CANDICE KELSEY [she/her] is a poet, educator, and activist in Georgia. She serves as a creative writing mentor with PEN America's Prison Writing Program; her work appears in Grub Street, Poet Lore, and The Worcester Review among other journals. Recently, Candice was a finalist in Iowa Review's Poetry Contest and nominated for a Best Microfiction 2023. She is the author of Still I am Pushing (FLP '20), A Poet (ABP 22'), and a forthcoming collection with Pine Row Press. Find her @candice-kelsey-7 and www.candicemkelseypoet.com.
To the Uber Driver Who Pulled into a Cemetery at Midnight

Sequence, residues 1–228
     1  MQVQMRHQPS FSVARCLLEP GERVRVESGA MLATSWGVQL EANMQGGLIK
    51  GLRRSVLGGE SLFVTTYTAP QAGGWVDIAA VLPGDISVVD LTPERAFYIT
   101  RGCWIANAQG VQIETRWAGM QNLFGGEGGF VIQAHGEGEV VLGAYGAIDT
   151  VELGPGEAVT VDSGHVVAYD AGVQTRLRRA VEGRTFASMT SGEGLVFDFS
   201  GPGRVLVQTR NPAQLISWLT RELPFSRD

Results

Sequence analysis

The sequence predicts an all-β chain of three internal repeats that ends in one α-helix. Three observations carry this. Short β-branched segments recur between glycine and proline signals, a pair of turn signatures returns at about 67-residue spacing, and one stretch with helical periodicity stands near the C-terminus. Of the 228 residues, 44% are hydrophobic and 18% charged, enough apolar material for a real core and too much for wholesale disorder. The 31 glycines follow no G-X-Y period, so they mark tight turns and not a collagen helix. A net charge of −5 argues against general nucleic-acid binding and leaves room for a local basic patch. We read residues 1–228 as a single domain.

I don’t believe you’ve written three novels. And the leggy blonde laminated from your rearview mirror is not your wife. Your Russian accent seemed real enough though. Sitting in your back seat was also real as you took me from the Ithaca airport to my brother’s rehearsal dinner in rural New York at midnight. You pulled into Asbury Church Cemetery without a word. Together we sat until you backed out. Suddenly you delivered me safely to the Driftwood Inn. I want you to know that I haven’t forgotten you. I also think you should know I changed into a rented dress & had time for a glass of chardonnay with the bridal party. My mother drank too much that night. She’s one of those embarrassing drunks like that character in the novel I doubt you ever wrote. Blonde like your Belarusian bride I heard about while dialing 911. A mother is a conveyance of her own. Mine has run through intersections of what is real and unreal. Tonight, this drunk & blonde mother-of-the-groom left her trail of Marlboros on the vineyard deck. The rest of us hugged and took pictures until she stumbled down the steps & had to be carried out, ivory pantsuit fluttering like ghost breath. That was real & you almost made me miss it.